Posted Jul 2, 2014 at andygoodliff
This is a second interview in a series. The first can be read here with John Rackley. This next interview is with Tim Presswood. Tim has been a minister at Openshaw Baptist Tabernacle, East Manchester since 1993 having trained at Northern Baptist College. In 2013 he became the Transitional Regional Minister in the North Western Baptist Association. He is part of Urban Expression. He has been a chairman at a hospital NHS Trust chariman the Manchester Credit Union. With Clare McBeath he runs a website called Dancing Scarecrow. What’s the most important lesson you learned about ministry that you didn’t know at the beginning? Ministry is an emotional roller coaster. In the space of one afternoon, you can go from the heights of ecstasy to the depths of despair. A beloved project can fall apart acrimoniously, but a pastoral visit to a dying member of the community can lift you back up towards heaven. No matter what style of prayer or spirituality you favour - and I embrace many - it is important to embed your spiritual roots firmly in God. What led your into ministry? When I was eighteen I underwent my second conversion experience (!) which was accompanied... Continue reading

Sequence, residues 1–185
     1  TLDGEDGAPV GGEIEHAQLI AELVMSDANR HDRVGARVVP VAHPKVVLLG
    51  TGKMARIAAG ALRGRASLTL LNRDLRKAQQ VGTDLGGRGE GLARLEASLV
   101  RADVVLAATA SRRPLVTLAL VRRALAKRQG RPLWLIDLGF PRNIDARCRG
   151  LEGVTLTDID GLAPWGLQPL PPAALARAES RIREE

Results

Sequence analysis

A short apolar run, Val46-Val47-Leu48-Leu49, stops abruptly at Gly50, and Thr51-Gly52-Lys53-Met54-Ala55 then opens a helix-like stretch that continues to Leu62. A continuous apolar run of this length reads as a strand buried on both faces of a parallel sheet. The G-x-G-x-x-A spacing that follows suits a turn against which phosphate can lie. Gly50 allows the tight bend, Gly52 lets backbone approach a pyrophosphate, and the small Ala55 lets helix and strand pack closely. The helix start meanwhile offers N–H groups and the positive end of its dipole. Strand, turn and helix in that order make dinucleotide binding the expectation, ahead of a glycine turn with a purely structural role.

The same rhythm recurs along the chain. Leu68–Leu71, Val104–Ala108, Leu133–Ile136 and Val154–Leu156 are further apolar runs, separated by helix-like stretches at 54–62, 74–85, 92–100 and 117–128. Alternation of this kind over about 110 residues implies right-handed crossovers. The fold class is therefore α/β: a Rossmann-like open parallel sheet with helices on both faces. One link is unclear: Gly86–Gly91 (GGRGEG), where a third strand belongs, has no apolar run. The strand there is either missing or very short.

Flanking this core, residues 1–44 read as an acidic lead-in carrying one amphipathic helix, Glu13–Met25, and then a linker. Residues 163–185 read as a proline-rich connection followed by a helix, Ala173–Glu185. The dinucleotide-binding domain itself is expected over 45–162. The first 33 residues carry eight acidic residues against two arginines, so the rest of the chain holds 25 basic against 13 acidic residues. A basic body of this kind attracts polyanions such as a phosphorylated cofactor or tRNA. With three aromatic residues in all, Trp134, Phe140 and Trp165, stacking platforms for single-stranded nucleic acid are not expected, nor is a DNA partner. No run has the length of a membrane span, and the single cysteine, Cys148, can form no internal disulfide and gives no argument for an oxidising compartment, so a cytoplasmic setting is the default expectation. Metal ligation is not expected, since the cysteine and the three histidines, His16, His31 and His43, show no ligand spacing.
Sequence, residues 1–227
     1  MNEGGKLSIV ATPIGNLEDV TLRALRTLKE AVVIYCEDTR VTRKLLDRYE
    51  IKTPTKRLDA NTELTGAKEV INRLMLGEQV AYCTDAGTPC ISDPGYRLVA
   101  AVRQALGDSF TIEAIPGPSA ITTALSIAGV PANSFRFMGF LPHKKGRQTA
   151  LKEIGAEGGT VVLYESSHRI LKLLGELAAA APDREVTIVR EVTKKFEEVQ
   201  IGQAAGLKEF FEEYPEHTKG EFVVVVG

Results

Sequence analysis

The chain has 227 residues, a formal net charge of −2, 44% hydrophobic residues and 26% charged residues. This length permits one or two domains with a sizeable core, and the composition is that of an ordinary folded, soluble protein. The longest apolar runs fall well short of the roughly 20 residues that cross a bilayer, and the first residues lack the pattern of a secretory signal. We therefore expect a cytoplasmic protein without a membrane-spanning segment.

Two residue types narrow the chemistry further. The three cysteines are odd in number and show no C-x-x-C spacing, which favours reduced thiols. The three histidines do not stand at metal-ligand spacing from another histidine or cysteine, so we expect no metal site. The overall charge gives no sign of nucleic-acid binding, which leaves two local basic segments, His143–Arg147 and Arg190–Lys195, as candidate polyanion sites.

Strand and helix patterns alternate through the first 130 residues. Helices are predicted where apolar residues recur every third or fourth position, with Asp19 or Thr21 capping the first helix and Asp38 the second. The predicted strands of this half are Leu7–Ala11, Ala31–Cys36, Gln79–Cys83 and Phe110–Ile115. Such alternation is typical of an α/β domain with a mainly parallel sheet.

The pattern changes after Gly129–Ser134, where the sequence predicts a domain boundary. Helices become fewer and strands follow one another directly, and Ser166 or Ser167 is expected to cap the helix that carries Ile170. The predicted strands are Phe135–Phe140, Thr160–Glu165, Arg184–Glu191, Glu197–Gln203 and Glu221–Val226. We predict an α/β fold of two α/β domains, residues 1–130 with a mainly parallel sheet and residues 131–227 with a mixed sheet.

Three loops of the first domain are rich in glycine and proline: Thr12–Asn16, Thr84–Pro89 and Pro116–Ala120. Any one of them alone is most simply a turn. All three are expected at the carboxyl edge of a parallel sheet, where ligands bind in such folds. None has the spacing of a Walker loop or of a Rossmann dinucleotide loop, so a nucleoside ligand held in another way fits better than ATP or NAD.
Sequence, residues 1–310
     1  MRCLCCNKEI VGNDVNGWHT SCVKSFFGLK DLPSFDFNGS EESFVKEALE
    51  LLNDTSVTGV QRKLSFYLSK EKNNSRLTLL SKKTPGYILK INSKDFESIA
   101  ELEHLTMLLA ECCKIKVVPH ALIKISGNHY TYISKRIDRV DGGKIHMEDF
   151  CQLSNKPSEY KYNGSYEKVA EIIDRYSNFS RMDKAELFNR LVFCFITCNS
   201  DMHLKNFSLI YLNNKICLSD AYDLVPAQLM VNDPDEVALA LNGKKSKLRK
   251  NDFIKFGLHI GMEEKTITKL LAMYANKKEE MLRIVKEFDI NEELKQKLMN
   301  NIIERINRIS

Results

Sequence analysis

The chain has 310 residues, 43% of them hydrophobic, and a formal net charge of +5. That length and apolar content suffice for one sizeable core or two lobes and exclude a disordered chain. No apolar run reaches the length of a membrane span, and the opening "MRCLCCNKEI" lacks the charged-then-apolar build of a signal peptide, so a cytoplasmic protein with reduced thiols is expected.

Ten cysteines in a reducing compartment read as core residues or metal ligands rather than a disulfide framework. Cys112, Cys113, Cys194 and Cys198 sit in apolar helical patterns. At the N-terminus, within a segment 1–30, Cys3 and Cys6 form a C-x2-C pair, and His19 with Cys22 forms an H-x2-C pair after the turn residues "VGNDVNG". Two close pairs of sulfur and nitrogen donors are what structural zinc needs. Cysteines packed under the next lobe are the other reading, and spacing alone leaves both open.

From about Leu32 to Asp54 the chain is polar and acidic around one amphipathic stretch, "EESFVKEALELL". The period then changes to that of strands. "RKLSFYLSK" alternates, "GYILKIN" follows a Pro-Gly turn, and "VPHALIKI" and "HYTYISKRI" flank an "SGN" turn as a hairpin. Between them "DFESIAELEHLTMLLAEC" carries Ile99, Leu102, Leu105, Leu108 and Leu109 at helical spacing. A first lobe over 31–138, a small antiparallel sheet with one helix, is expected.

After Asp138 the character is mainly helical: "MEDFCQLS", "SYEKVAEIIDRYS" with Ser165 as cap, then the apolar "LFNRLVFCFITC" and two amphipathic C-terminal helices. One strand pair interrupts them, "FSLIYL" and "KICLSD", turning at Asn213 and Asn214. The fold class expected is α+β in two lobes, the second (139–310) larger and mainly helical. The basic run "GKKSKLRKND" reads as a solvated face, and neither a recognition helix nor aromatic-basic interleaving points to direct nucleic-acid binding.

Posted Jun 26, 2014 at andygoodliff